President Donald Trump has thrown gold’s true believers a lifeline.
Trump’s inflammatory statements and tweets on some of the most sensitive areas of foreign policy — notably North Korea and Iran — have raised risk dramatically on the international stage. And by that I mean the risk of war, even nuclear war.
I have no idea if Trump or his children Donald Jr., Eric, or Ivanka own any gold or gold stocks, but Trump is the biggest friend gold bugs have had since President Richard M. Nixon suddenly shut the gold window and ended convertibility of the U.S. dollar into gold on Aug. 15, 1971.
This column has been negative on gold for a long time. Since the yellow metal peaked above $1,900 an ounce in August 2011, I’ve written that it is in a secular (long-term) bear market, which could go on for years and send prices much lower than the current $1,275.
Why? Because the dollar is still pretty strong and the U.S. economy is in decent shape — with inflation so low even Federal Reserve chairwoman Janet Yellen can’t find much of it. And as the Fed raises interest rates gradually and begins to reduce its $4.5-trillion balance sheet — a process that may speed up if Yellen is replaced — the rationale for owning gold has in fact become even weaker.
Perennial gloom-and-doomers like Peter Schiff, whose prediction gold would hit $5,000 an ounce I labeled one of the five worst investment calls of the 21st Century so far, have looked more and more wrong.
Enter Trump. Rather than calm tensions, as every president before him has tried to do, Trump is pouring gasoline on every fire. He has repeatedly called North Korea’s leader Kim Jong-un, who seems dangerously unstable,
“Little Rocket Man,” as if he were still baiting Sen. Marco Rubio in the 2016 Republican Florida primary.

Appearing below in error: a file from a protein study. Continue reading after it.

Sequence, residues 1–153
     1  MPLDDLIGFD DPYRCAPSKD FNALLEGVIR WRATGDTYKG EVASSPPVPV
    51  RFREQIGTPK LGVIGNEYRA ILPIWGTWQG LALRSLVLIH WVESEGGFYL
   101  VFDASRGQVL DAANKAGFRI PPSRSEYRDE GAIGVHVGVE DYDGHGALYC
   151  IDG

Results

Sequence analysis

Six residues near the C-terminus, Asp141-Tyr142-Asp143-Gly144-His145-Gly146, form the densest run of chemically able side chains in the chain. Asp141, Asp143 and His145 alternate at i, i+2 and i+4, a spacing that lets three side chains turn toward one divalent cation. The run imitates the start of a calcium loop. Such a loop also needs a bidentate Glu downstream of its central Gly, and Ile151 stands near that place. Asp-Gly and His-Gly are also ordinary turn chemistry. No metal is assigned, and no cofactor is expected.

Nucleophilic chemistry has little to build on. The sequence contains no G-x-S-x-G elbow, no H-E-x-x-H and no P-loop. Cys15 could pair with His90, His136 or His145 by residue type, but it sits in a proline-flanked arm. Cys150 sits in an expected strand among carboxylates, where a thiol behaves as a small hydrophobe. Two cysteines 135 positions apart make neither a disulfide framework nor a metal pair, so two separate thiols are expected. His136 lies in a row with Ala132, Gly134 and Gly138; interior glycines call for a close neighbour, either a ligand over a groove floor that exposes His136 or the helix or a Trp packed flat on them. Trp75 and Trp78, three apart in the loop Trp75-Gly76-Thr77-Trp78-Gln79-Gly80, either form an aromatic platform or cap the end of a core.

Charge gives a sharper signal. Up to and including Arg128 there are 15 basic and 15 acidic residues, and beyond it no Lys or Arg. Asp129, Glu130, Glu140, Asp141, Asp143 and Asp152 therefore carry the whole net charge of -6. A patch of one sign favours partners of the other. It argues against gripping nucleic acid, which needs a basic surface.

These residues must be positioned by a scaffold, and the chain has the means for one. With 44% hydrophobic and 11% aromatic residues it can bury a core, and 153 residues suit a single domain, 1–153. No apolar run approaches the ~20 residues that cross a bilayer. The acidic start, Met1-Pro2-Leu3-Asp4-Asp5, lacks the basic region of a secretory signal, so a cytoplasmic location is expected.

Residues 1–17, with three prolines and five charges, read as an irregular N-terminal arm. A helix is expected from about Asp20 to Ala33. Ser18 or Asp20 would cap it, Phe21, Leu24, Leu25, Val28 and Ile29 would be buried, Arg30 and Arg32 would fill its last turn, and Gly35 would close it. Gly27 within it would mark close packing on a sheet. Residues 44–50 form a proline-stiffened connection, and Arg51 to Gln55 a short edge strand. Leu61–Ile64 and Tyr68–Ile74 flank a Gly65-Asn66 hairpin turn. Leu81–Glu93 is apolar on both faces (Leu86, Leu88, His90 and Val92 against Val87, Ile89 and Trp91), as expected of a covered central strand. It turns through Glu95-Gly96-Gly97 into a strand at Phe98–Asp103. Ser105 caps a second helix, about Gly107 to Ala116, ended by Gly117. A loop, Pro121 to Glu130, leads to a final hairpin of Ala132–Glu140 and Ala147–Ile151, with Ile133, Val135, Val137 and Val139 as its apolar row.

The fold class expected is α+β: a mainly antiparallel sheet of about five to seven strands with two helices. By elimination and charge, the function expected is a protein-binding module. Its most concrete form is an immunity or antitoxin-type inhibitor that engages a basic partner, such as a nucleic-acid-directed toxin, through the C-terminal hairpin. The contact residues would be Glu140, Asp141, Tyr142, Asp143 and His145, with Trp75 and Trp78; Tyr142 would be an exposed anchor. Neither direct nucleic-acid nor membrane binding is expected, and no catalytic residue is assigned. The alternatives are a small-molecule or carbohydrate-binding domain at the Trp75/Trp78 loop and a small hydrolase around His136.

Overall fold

He has threatened to rain
“fire and fury” down on North Korea and in a speech to the U.N. General Assembly last month warned he would
“totally destroy North Korea” if it continued to threaten the U.S. and its allies. North Korea’s foreign minister said the president’s words constituted a
“declaration of war.”
And whenever anyone in his administration tries to reassure the world that U.S. policy is tough but reasonable, the president himself undercuts him. This past weekend, Secretary of State Rex Tillerson said in Beijing the U.S. has
“’lines of communication to Pyongyang.’” Within a day, the president publicly humiliated the hapless Tillerson by tweeting he was “wasting his time trying to negotiate” with Kim, saying
“We’ll do what has to be done.”
So, if diplomacy is a
“waste of time,” what then
“has to be done”? War, it seems, is the only remaining alternative.
And even as North Korea moves closer to being able to dispatch nuclear-armed intercontinental ballistic missiles to the U.S. mainland, Trump is trying to undermine the diplomatic agreement that has kept Iran from becoming another rogue nuclear power.
Trump has called the Iran nuclear agreement
“one of the worst and most one-sided” agreements ever, and
“an embarrassment” to the U.S. He has often said he would declare Iran out of compliance with that accord even though his own administration has certified the Islamic Republic’s adherence to its terms.
So, just as the confrontation with North Korea is heating up, the president seems to be creating a new one with Iran — a two-nuclear-crises-for-the-price-of-one bargain he just can’t resist.
“If the deal is scrapped, the Iranians could resume their centrifuge enrichment program, which is currently being monitored” and have enough nuclear material for a workable weapon within months, wrote Jeremy Bernstein, an expert on Iran’s nuclear program.
To be sure, several previous presidents didn’t stop North Korea’s weapons program, mostly because they were unwilling to sacrifice maybe hundreds of thousands of Korean and Japanese lives to take out the Kim regime. This president apparently has few qualms about that. He looks hell-bent on war.
This president’s fragile ego and absolute, unchecked power to use the vast U.S. nuclear arsenal has raised the risk of war.
Which brings us back to gold. This president’s fragile ego and absolute, unchecked power to use the vast U.S. nuclear arsenal has raised the risk of war far more than Wall Street or Trump’s lemming-like supporters would ever admit. I still think the chance of war on the Korean peninsula is 25%–50%, but I’m raising the prospect of nuclear war in Asia to 10%–20%.
Gold won’t protect us — or especially South Korea or Japan — from the full impact of any war, which would be cataclysmic, and I hope and pray I am wrong. But when risk is rising, you need insurance, so taking some profits on your stocks and putting at least 5% of your holdings into physical gold or ETFs (I own a similar position of the SPDR Gold Shares ETF) would seem prudent right now. Because with this reckless president, all bets really are off.